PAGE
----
Flu Season Puts Businesses And Employees in a Bind
WASHINGTON (AP) – Nearly half the 70 employees at a Ford dealership in Clarksville, Ind., have been out sick at some point in the past month. It didn’t have to be that way, the boss says.
“If people had stayed home in the first place, a lot of times that spread wouldn’t have happened,” says Marty Book, a vice president at Carriage Ford. “But people really want to get out and do their jobs, and sometimes that’s a detriment.”
The flu season that has struck early and hard across the U.S. is putting businesses and employees in a bind. In this economy, many Americans are reluctant to call in sick, something that can backfire for their employers.
Flu was widespread in 47 states last week, up from 41 the week before, the Centers for Disease Control and Prevention said Friday. The only states without widespread flu were California, Mississippi and Hawaii.
Microsoft May Have Exited Gadget Show Prematurely
LAS VEGAS (AP) – Microsoft may have relinquished its starring role in America’s gaudiest gadget show a year too early.
After 13 straight years in the spotlight, Microsoft’s decision to scale back its presence at this week’s International CES deprived the software maker of a prime opportunity to explain and promote a new generation of redesigned computers running its radically remade Windows operating system.
The missed chance comes at a time when Microsoft Corp. could use a bully pulpit to counter perceptions that Windows 8 isn’t compelling enough to turn the technological tide away from smartphones and tablets running software made by Apple Inc. and Google Inc.
U.S. Trade Gap Grows to $48.7 Billion, as Imports Surge
WASHINGTON (AP) – The U.S. trade deficit expanded in November to its widest point in seven months, driven by a surge in imports that outpaced only modest growth in exports.
The Commerce Department report Friday suggests trade will drag on economic growth in the October-December quarter. A wider trade gap slows growth because it means Americans spent more on foreign products while U.S. businesses earned less in overseas sales.
Still, the report showed consumers have maintained an appetite for spending.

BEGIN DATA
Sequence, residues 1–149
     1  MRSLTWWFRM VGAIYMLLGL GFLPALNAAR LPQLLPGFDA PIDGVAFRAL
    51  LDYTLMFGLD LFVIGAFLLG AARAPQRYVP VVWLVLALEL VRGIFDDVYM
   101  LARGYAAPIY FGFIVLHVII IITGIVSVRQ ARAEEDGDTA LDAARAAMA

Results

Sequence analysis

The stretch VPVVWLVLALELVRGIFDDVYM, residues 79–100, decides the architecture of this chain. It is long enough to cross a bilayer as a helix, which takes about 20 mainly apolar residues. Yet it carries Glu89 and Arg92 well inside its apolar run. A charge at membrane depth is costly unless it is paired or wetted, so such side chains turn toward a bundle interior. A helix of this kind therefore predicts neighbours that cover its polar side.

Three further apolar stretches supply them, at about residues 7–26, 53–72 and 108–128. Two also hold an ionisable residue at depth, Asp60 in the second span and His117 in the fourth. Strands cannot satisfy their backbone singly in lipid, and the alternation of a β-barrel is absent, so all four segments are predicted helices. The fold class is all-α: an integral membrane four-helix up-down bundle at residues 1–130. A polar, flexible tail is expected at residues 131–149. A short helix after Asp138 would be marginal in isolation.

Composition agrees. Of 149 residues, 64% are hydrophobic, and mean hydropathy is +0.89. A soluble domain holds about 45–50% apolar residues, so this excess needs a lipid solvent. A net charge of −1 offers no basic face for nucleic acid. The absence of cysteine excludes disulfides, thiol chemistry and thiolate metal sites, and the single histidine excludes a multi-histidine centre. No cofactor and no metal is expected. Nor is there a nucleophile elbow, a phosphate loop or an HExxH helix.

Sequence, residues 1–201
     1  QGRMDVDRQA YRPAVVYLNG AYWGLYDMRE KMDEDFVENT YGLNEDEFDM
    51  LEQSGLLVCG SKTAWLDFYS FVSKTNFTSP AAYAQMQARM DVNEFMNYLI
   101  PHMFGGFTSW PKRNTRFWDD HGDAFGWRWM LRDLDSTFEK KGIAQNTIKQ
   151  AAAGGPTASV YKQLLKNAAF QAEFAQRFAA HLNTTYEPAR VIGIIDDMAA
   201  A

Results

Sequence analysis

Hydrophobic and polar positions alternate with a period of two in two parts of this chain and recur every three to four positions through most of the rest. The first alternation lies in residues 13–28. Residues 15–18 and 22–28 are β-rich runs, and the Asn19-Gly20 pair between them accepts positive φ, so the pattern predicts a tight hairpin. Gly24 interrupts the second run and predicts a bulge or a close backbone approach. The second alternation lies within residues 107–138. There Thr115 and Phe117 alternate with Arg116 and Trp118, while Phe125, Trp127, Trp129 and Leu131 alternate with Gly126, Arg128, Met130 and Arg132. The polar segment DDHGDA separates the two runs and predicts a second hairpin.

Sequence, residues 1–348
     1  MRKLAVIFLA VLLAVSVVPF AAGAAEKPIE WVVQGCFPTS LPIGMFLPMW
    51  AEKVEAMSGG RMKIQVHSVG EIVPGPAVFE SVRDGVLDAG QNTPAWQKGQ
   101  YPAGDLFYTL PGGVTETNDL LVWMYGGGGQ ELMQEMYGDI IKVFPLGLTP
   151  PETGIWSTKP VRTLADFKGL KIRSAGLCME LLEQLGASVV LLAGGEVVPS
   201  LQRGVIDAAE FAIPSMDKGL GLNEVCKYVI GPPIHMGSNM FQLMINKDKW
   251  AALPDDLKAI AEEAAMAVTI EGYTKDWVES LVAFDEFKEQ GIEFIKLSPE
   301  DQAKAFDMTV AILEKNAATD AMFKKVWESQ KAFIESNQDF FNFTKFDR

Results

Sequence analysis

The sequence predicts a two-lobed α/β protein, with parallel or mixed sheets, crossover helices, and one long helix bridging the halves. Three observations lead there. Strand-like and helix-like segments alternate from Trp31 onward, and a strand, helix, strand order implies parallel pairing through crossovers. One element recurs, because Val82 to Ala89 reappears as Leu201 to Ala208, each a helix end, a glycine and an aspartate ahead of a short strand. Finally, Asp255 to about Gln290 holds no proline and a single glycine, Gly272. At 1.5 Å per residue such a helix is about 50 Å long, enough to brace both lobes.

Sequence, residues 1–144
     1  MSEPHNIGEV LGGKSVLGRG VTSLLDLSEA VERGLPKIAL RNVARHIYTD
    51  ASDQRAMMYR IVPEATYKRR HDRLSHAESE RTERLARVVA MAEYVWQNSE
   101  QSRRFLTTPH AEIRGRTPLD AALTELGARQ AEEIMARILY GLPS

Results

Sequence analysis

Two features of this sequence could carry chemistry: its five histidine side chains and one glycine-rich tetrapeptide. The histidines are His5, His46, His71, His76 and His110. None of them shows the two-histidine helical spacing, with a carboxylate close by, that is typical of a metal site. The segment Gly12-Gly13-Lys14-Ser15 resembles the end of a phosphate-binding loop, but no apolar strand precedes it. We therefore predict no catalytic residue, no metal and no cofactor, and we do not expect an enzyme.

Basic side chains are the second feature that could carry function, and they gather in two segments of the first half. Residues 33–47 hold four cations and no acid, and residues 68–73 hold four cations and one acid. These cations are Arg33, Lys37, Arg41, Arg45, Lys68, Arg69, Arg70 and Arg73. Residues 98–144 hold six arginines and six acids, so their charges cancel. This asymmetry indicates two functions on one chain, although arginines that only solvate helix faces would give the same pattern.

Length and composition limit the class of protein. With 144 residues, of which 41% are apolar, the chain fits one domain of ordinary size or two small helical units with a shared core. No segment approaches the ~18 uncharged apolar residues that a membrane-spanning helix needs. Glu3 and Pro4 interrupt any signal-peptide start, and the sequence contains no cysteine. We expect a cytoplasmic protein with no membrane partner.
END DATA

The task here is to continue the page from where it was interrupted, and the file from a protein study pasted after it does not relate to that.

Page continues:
U.S. Budget Deficit Grows By $260 Million in December
WASHINGTON (AP) – The U.S. annual budget deficit is on track to reach $1 trillion for a fifth straight year, though government revenue jumped last month as people paid some taxes early to avoid higher rates in 2013.
The Treasury Department said Friday that the federal deficit grew by just $260 million in December. But for the first three months of the budget year, the deficit widened to $292 billion.
USDA: Drought Cut Corn Crop By About One-Fourth
DES MOINES, Iowa (AP) – The Department of Agriculture’s final report on the 2012 growing season showed farmers harvested 10.78 billion bushels of corn, less than three-fourths of what the agency predicted last spring.
While the report covers other crops, attention has been focused on corn, which is widely used as an ingredient in many foods, provides feed for livestock and is mixed with gasoline as ethanol. The crop also was the hardest hit by the drought that settled in just as the plants were maturing.
Merck Warns Docs to Stop Prescribing Tredaptive
NEW JERSEY (AP) – Drugmaker Merck & Co. is suspending its sale of the cholesterol drug Tredaptive after initial results from a study showed that it wasn’t effective and could raise the risk of some serious side effects.
The Whitehouse Station, N.J., company said Friday it is telling doctors to quit prescribing the tablets, which are not approved in the U.S., and it also is advising patients to stop taking the medication only after talking to a physician.
The drug is sold in about 40 countries. A company spokeswoman said Friday it will take a few months to implement the suspension worldwide.